For people still hoping semantic metadata will be a meaningful player: 140M facts, and only 0.2% of them are scored high confidence.
Understanding the question
Most system regard this is a natural language processing problem. Interestingly you can get quite a long way by dropping stopwords and searching on keywords, but that won’t work past a certain point. The state-of-the-art for this is anything that can understand “Jeopardy”-type questions. These questions are often quite difficult for humans to parse, so Watson’s accomplishment in handling these is pretty impressive.
Watson handles this using a NLP parser to build a syntax tree. This tree is then converted to Prolog facts, and rules are then built using this fact-relationship-tree which are passed down to the Watson evidence evaluation system.
It’s interesting to look at a set of related questions to see how the complexity explodes:
- Who is Bill Clinton?
- Who is Bill Clinton’s daughter?
- Who is the 42nd president?
- List the children of the 42nd president
At the time of writing Google, Bing and Wolfram Alpha give the answer to question one separately to their search results.
Google and Wolfram Alpha give the answer to the second question separately to search results, while Bing links to Chelsea Clinton as the first result, and gives a “more information” link about her in the side bar.
Google can answer the third question. Wolfram Alpha needs to have the question asked as “Who is the 42nd US president” and then gives the correct answer. Bing links to Bill Clinton.
None of the systems can handle the fourth question.
There are other approaches. In particular this recent paper takes a deep-learning approach with some pretty impressive results.
Generating an answer
Generating an answer involves using the understandings generated in step two to query the set of facts extracted in step one, and then finding the most likely answer.
Most people assume that QA systems try to find a single answer. The truth is more subtle: most seems to try to generate lots of possible answers and then have a pruning and ranking step to narrow those answers down to the most likely.
This is akin to how Google uses page rank to rank pages in web search: there are many pages that match keywords, but Google tries to put the most useful first.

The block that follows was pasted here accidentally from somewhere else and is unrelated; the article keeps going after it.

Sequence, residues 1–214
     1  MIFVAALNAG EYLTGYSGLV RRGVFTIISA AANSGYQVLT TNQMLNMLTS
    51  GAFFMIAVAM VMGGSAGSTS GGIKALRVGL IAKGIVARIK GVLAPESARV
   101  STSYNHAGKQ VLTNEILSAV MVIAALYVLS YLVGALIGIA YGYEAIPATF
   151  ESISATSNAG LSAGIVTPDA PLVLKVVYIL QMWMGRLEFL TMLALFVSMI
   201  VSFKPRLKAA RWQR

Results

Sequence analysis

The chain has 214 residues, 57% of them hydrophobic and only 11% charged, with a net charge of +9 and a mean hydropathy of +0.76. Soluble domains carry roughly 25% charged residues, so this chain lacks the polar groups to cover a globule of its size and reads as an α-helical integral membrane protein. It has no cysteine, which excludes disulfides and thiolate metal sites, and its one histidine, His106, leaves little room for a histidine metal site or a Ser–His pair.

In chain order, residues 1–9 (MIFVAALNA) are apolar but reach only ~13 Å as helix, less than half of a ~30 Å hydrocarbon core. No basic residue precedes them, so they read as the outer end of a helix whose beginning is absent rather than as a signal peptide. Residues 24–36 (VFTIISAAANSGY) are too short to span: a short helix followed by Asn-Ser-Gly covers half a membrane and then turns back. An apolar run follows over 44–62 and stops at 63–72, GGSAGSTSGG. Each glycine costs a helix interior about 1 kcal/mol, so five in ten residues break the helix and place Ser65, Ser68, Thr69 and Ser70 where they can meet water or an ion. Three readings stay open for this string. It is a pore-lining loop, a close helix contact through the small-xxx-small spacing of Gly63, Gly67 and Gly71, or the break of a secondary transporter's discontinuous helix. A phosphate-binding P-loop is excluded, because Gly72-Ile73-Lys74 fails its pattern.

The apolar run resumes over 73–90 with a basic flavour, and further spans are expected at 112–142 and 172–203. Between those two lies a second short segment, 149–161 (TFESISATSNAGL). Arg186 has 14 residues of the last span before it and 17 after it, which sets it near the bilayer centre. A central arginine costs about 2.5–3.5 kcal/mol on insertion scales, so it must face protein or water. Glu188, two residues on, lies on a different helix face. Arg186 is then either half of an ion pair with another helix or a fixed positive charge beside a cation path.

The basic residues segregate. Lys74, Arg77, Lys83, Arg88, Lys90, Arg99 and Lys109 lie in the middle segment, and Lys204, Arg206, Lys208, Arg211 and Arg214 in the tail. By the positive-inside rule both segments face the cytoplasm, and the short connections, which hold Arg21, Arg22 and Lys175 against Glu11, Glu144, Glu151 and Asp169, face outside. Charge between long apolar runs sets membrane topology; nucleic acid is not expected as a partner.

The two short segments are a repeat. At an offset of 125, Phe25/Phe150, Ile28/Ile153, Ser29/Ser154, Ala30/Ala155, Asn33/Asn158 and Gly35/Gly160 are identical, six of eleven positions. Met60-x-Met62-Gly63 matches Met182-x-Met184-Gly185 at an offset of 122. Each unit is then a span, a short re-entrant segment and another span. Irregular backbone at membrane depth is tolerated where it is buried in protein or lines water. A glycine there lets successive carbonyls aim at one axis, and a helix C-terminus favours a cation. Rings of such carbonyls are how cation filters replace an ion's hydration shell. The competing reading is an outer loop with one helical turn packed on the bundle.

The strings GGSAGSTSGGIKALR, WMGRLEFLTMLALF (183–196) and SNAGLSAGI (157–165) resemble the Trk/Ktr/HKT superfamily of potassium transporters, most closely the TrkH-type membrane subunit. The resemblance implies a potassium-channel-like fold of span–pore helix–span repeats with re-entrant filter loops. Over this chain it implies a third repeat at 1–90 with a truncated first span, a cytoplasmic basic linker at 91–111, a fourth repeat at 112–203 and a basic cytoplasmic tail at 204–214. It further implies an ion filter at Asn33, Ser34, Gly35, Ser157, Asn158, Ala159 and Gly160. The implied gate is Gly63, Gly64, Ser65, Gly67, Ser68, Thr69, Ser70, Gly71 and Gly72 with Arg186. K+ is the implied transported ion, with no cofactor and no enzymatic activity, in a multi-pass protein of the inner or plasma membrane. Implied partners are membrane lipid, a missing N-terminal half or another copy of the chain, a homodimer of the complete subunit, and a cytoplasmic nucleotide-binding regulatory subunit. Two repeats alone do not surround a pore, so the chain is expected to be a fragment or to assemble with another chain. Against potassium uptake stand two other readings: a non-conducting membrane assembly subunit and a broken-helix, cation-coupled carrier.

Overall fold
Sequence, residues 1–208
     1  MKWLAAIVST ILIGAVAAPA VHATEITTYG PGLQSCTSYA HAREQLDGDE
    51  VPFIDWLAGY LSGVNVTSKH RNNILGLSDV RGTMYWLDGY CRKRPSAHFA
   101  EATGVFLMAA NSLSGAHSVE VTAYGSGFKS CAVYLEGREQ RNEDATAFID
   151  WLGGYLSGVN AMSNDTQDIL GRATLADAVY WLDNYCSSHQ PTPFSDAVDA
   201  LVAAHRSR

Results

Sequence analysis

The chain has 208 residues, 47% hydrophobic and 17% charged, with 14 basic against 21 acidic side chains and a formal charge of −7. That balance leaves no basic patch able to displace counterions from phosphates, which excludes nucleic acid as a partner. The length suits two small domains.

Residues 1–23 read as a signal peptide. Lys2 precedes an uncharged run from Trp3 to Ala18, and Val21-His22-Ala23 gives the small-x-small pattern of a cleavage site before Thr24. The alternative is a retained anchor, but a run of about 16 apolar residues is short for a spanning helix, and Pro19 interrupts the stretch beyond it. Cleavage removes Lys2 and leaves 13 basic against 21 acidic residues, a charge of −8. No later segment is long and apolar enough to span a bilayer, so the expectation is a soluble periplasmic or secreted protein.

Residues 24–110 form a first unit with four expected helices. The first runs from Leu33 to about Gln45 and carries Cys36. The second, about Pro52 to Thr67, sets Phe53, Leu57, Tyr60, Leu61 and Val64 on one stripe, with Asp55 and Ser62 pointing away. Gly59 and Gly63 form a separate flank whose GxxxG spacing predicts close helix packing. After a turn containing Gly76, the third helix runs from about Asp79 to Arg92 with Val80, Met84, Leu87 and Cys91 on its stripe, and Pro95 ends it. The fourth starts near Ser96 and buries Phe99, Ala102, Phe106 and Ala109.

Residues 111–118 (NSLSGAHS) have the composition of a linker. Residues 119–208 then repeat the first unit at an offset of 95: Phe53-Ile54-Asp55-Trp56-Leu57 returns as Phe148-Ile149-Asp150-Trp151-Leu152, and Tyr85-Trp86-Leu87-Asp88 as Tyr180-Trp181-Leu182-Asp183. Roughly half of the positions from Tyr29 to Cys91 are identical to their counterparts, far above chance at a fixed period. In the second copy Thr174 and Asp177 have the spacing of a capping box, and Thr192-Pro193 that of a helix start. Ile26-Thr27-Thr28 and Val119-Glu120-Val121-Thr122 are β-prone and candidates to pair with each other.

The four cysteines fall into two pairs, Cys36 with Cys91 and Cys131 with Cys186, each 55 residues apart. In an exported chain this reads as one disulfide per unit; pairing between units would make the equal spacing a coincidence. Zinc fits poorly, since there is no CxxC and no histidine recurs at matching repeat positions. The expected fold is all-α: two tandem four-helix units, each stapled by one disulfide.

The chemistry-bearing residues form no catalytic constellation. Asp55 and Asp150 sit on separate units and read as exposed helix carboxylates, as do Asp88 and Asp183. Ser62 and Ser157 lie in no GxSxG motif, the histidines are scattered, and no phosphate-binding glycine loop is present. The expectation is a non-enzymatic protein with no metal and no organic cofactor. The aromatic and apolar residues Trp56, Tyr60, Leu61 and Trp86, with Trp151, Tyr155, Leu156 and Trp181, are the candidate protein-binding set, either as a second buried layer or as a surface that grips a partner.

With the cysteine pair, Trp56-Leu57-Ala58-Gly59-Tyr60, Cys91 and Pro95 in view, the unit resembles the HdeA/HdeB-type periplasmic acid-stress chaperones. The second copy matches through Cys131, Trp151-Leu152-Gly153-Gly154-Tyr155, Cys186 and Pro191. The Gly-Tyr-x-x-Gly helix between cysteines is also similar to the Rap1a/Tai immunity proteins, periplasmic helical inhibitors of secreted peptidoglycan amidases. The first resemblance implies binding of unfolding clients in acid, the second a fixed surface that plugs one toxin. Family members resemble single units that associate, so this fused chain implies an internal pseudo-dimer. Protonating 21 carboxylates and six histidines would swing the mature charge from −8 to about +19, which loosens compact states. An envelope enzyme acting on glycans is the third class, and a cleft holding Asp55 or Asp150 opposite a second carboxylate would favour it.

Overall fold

In a QA system, this ranking may be done by having some kind of confidence associated with each fact that asserted in the system.
The most commonly used example of this is the question “where was Obama born?”. Searching the web, there are many assertions that he was born in Kenya, and there are many that he was born in Hawaii. A simple system could rank them on the number of assertions found – any in many cases this may work fine. However, it is vulnerable to gaming, so some kind of trust score is probably more advisable.
Watson takes an interesting approach to this. It will generate an English version of the answer, and then rapidly scan for evidence supporting that answer.
For example, for the question “List the children of the 42nd president” it may generate lists of all the children of all the presidents. Then it uses those children and the phrase “the 42nd president” as keywords to see how often they are found together.
That approach works well because Watson has manually-curated sources of information (ie, it is unlikely to be gamed). It would be excellent if this approach could be generalised to work against less-trusted sources of information.
In summary, automated question answering is an extremely broad field, and “solving” it involves solving a number of subproblems, each of which is hard in itself.
Both statistical machine learning methods and knowledge engineering methods are needed to build a complete system. In my view is seems likely that breakthroughs will come by using machine learning to do the knowledge engineering.
I believe that the improving nature of QA systems shows what amazing progress the field of AI has made over the last 10 years.
AI will always remain “that things that computers can’t do”. But in the QA field at least it’s clear that computer system are already approching human abilities.